Release your inhibitions

In today’s society of social media, selfies, big butts, and Brazilian bundles… chances are scrutiny is everywhere: at home, in the workplace, in clubs and organizations, and even when we’re just out and about. From our hairstyle of choice, to our selection of clothes, down to the God-given quality of our skin, we’re constantly under a magnifying glass by people we don’t even know.

We’re judged on how we talk, how we walk, our demeanor, our orientation, the length of our hair, the tone of our skin, the fullness of our lips, the bone in our hips, and even the ridges in our teeth.

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Because of these close examinations, it’s no wonder we take special care to make sure our hair is neat and tidy, our clothes match and have decent quality, and that we speak with articulation, but at some point we have to realize that enough is enough. Our life is our own and no one should be able to dictate how we should be our own person. From social media to that nosy co-worker to that hating  “friend”there’s always someone trying to dim our light, trying to downplay our highs and broadcast our lows. A promotion, big purchase, new car, closing on a house, acceptance letter, even a new hair color…those people will come around trying to tell you what you “shoulda, coulda, woulda” did and why you made the wrong choice and that they probably could’ve done it too. For some reason people will try to find a way to rain on your parade but it’s you, yourself, and I marching through this thing called life.

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This past Sunday’s church service delivered a great message- “Don’t allow others to trick you out of your blessings”. In short, if you like something, if you want something, if you have your heart set on something and you’re in route to get it…don’t allow someone to talk you out of it. Many will try to tell you what they would do if they were you but the simple, yet humorous fact is… they’re not you.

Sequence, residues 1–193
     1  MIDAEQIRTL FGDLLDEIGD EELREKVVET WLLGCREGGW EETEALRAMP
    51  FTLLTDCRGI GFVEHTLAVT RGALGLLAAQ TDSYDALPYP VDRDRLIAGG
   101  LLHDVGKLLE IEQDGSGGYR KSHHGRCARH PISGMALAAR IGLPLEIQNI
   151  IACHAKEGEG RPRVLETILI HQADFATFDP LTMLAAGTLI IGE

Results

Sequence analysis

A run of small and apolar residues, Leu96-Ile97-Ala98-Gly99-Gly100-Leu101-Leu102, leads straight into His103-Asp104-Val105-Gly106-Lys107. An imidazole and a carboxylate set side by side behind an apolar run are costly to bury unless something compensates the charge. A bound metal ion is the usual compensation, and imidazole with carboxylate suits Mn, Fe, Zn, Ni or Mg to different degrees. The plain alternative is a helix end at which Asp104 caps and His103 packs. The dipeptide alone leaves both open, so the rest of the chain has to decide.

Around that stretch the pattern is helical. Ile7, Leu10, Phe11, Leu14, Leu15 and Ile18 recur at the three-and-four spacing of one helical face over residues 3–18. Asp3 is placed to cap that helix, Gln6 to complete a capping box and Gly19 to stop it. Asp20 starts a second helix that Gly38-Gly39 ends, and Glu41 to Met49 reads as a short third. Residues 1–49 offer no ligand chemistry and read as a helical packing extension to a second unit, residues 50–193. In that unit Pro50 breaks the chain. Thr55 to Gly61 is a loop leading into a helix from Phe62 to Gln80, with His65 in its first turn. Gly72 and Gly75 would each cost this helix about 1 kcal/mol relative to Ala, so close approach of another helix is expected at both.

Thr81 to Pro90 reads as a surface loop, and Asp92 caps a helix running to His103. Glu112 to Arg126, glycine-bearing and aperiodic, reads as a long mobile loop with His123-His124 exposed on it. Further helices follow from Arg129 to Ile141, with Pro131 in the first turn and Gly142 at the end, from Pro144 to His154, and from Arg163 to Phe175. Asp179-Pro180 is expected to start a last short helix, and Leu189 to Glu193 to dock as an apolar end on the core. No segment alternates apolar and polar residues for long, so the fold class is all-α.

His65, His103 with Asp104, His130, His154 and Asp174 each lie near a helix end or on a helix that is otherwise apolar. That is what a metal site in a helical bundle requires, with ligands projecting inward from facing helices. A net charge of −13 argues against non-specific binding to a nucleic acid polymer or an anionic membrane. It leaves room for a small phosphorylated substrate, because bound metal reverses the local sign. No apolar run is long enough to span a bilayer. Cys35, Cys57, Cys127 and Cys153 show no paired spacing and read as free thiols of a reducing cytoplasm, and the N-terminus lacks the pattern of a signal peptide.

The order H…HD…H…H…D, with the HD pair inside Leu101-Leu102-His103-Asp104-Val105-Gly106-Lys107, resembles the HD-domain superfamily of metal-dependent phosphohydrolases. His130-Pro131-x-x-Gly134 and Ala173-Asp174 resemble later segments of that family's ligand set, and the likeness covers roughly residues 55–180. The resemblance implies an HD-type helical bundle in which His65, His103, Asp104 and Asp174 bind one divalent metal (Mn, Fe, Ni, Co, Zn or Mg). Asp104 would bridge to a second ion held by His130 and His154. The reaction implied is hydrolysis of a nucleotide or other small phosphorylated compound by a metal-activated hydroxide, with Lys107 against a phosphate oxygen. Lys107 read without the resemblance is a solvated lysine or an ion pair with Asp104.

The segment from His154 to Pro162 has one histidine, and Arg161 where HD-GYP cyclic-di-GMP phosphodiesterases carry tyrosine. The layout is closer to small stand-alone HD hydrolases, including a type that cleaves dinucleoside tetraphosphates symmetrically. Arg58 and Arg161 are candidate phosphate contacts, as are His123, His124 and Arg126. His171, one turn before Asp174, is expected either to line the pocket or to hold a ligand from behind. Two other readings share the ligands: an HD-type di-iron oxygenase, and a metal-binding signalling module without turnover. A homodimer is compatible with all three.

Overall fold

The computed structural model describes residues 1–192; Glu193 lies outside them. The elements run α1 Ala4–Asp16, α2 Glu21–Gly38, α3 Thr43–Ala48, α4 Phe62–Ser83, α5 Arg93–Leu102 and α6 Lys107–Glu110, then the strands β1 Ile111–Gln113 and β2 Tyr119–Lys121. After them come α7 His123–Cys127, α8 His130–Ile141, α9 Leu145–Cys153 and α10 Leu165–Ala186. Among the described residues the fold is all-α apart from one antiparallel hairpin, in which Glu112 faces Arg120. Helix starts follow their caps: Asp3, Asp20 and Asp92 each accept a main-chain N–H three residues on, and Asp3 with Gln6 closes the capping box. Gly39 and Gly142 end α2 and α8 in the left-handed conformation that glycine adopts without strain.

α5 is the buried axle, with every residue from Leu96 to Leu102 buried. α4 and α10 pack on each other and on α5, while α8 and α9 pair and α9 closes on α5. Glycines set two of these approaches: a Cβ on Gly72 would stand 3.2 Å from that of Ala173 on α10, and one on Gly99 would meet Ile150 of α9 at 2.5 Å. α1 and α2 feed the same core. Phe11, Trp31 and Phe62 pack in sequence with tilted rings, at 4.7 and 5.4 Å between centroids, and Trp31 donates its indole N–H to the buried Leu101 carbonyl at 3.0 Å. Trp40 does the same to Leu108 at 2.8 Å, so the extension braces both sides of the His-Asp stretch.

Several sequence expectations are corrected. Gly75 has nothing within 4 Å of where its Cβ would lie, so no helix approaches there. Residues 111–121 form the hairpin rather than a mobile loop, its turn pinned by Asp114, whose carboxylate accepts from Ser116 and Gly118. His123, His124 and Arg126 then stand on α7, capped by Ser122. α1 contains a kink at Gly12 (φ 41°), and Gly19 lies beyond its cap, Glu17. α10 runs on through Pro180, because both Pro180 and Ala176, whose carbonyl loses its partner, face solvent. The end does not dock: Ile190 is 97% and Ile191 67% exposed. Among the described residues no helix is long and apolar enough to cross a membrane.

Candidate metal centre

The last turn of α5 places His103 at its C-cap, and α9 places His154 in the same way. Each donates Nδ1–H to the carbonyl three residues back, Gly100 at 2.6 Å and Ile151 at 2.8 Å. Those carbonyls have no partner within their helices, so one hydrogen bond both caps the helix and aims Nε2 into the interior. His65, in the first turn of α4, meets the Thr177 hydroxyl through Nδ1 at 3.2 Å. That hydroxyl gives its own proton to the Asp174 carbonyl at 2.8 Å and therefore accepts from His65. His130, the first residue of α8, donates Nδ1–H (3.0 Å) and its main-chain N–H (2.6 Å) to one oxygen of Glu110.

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If you want to rock a blue afro then shave it off the next week, do it. Do it because that’s what you want to do. WorldStarHipHop, TheShadeRoom, BallerAlert, MediaTakeOut, Tumblr, and many more have been the home for “embarrassing” memes of people getting called out. Whether it was a video that went viral for an obese woman wearing too small clothing, a man receiving a lace front, or someone inside of McDonalds cursing the cashier…sure it’s funny but why do we care? What does it matter that a man wants to feel confident and extend his locks. Who are we to judge a woman who may not be able to purchase a new wardrobe. It may be funny to watch and listen to but, who knows if the man had to really find the money to buy a meal and why shouldn’t he deserve to have it prepared in the way he desired. This viewpoint may be playing the devils advocate, but moral of the story, we’re all living our own life the way we know how, who knows what the other deals with on a daily basis while we pass such harsh judgement.

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If you’ve heard the catchy YouTube hit “She Ratchet”… then you’d recognize the meme included above, and for others…this just may be your mantra…constantly judging people while you’re not such hot stuff yourself. By all means if you want to come outside wearing red weave, green nails, and yellow teeth…go ahead; theoretically speaking (haha!) On the other hand why do we act and live life through others eyes. We might not buy a shirt that we like because someone we know has it or we might not go to the party on Saturday because the outfit we want to wear isn’t “good enough”. If we made decisions based on others opinions throughout life, we’d never find happiness. So many people have harshly judged men in the African American community for pressing or perming their hair. Sure, for some it may seem odd for a man to adjust his natural hair as it’s more accustomed to by women but, if a man chooses to jazz himself up, who is he hurting?

It all starts as fun and games-the teasing and poking fun at the “odd” ones, but what about those that feel conscious about some decisions for fear of what society may say. To some extent we’ve all done it. That second guessing yourself when it comes to a second helping of food, the decision to make a new purchase, or even to wear a bikini.

Who cares about him, her, he she, them, they…

do YOU!

“They don’t want us to eat…”

“They don’t want us to live…”

“They don’t want us to succeed…”

“They don’t want us to win! So, We’re going to win more!”

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